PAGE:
2018 Rift Rivals: which region will be the greatest above all?

The 2018 Rift Rivals is a LoL tournament that is seperated into 5 different international groups, each composed of 2 or 3 regions. The top 2-4 teams from the Spring split are chosen as representatives for each region. The Asian regional tournament, which is composed of the LCK, LPL and LMS, will be held for 4 days starting on July 5th (KST) at the Dalian Sports Center Stadium.

The following is Global Inven’s power ranking on the teams that are participating in the  2018 LCK/LPL/LMS Rift Rivals.


1. Royal Never Give Up (RNG)

Summer Record: 5W 1L

Their previous match against ‘Invictus Gaming vs RNG’ was indeed an important match; RNG were the victors and are now ranked first-place in the LPL. As the champions of the 2018 MSI, they proved once again that they are the ‘champions of the LPL’.  

With the drastic change in the meta, there was some speculation about how the ‘Uzi-reliant’ RNG would perform. However, RNG stuck to choosing traditional ADCs and performed very well in the Summer split.

If RNG manages to show the same performance they did in the LPL, it would definitely silence the skeptics.



2. Kingzone DragonX (KZ)

Summer Record: 6W 2L

Although KZ is one of the strongest teams in Korea, their performance in international tournaments failed to live up to the strength they showed in the LCK. As a matter of fact, KZ had a hard time in the LCK, having been swept in the match against Griffin.

However, KZ is still a team that carries high expectations. Kim “Khan” Dong-ha is still delivering dominant performance similar to what he’s shown in the Spring split, and Gwak “Bdd” Bo-seong remains one of the best mid laners in the LCK. It is said that Bdd is eager to go against RNG, the team he lost to in the previous MSI. Currently, KZ is on a winning streak in the LCK and seems to have a positive atmosphere.

“There are no other goals aside from winning the whole thing” said Khan when speaking about Rift Rivals. It will be interesting to see whether KZ will successfully carry out their revenge.



3. Afreeca Freecs (AFs)

Summer Record: 6W 2L

AFs is the team that showed the most flexibility in the LCK when it came to picks/bans and strategies. This team became so much stronger after the 8.11 patch, which brought a dramatic change to the current meta. In their last match against the Worlds champion team, Gen.G, they managed to defeat them 2:0.

The team’s overall performance and each players’ individual dominance in laning is what makes this team stick out as one of the top teams participating in the Rift Rivals. The Asian Games international team’s top laner, Kim “Kiin” Gi-in has been dominating every top lane matchup. Their support, Park “TusiN” Jong-ik is well known for his aggressive team calls and has also been giving solid performance in teamfights.

Although this Rift Rivals is the AFs’ first international tournament as a team, players such as Lee “Kuro” Seo-haeng, Ha “Kramer” Jong-hun, and Lee “Spirit” Da-yoon are veterans that already have a lot of international stage experience. Many teams crumble under the pressure of the international stage, but we’ll likely see AFs perform as well as ever.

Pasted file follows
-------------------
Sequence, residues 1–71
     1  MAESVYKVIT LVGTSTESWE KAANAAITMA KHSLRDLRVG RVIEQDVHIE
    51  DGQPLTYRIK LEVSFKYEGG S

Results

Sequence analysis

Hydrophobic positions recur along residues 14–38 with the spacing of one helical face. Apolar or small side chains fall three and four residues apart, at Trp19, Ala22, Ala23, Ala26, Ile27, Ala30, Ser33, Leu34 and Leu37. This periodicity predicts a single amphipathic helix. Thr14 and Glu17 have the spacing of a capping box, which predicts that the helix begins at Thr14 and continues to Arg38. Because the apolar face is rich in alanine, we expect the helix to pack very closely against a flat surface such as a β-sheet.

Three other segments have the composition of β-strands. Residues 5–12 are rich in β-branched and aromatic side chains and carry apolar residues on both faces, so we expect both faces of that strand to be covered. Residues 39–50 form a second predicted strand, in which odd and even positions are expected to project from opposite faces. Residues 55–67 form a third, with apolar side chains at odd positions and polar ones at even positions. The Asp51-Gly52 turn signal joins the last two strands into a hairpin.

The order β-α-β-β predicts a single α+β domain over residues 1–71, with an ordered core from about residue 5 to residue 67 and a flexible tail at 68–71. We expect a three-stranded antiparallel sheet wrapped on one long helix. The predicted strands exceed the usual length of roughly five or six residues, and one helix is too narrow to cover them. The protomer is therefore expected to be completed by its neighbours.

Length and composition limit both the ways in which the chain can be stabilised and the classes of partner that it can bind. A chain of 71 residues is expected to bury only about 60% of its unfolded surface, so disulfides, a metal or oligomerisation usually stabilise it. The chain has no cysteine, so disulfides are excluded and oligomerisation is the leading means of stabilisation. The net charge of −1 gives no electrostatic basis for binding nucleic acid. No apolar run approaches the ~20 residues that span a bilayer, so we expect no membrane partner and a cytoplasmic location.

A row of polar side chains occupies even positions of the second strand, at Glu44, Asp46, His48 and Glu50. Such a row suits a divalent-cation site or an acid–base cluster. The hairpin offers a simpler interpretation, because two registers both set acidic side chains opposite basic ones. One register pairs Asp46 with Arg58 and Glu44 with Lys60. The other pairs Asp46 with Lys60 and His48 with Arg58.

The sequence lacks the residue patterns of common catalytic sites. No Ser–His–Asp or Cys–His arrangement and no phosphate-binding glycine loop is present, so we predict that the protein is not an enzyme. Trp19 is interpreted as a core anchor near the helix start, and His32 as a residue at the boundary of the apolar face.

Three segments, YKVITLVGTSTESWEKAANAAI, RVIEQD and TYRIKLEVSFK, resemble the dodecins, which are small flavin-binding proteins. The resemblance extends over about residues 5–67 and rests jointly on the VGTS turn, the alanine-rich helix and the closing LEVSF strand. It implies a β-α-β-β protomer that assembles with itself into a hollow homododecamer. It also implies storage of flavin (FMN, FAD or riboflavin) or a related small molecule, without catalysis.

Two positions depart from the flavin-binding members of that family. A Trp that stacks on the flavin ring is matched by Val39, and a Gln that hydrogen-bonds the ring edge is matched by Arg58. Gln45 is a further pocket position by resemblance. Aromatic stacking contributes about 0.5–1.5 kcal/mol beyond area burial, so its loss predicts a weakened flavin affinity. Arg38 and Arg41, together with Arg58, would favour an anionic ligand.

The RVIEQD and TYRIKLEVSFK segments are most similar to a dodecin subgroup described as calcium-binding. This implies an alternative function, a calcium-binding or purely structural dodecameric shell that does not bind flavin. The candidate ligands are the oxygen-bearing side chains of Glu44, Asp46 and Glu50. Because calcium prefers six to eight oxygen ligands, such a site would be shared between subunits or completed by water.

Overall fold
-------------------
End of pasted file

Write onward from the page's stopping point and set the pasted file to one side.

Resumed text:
4. Invictus Gaming (IG)

Summer Record: 5W 1L

Before losing against RNG, IG seemed to be the strongest team in the LPL. RNG and IG have been the clear top 2 teams in the LPL. If you consider IG’s previous 14 consecutive wins in the Spring split plus their 5 consecutive victories coming into the Summer split however, IG may seem like the team that had the most impact in China this year.

However, the team isn’t without their own weaknesses. The players on the team who are valued for their hyper-carry abilities seem to be showing unstable performances as of late. Their top laner, Lee “Duke” Ho-seong is not seen as a quality player, and the team seems to underperform when Kang "TheShy" Seung-lok does not start. Also, IG’s strongest competitor Yu “JackeyLove” Wen-bo sometimes gets killed in unusual situations.

The players also lack experience in international tournaments. Excluding Duke and Song “Rookie” Eui-jin, this Rift Rivals competition will be the first international tournament for the IG players. The team’s performance for this Rift Rivals likely hinges on whether the less-experienced players can stand the pressure and deliver the same performance they have in previous tournaments.



5. Flash Wolves (FW)


Summer Record: 3W 0L

FW is still the heavy favorites of the LMS. They’ve won 5 consecutive championships and are still dominating the league with a 3-0 record this summer. Another factor that makes their fans expect so much from them is their strong performance against LCK teams.

Their roster has gone through positive changes, and their prowess has been rising steadily. FW will be doing their best to maintain the pride of the LMS. Top laner Su “Hanabi” Chia-Hsiang has become the best top laner in the LMS, and Jungler Kim “Moojin” Moo-jin is a hot prospect that even players from other regions are keeping an eye on.



6. EDward Gaming (EDG)

Summer Record: 5W 1L

Over the past few years, the stronger teams performing in the LPL have successfully added  the “LCK style macro” to their playstyle. A good example would be EDG and RNG. After naming Jeong “NoFe” No-cheol as their head coach, EDG’s knowledge on the LCK style macro is now greater than ever.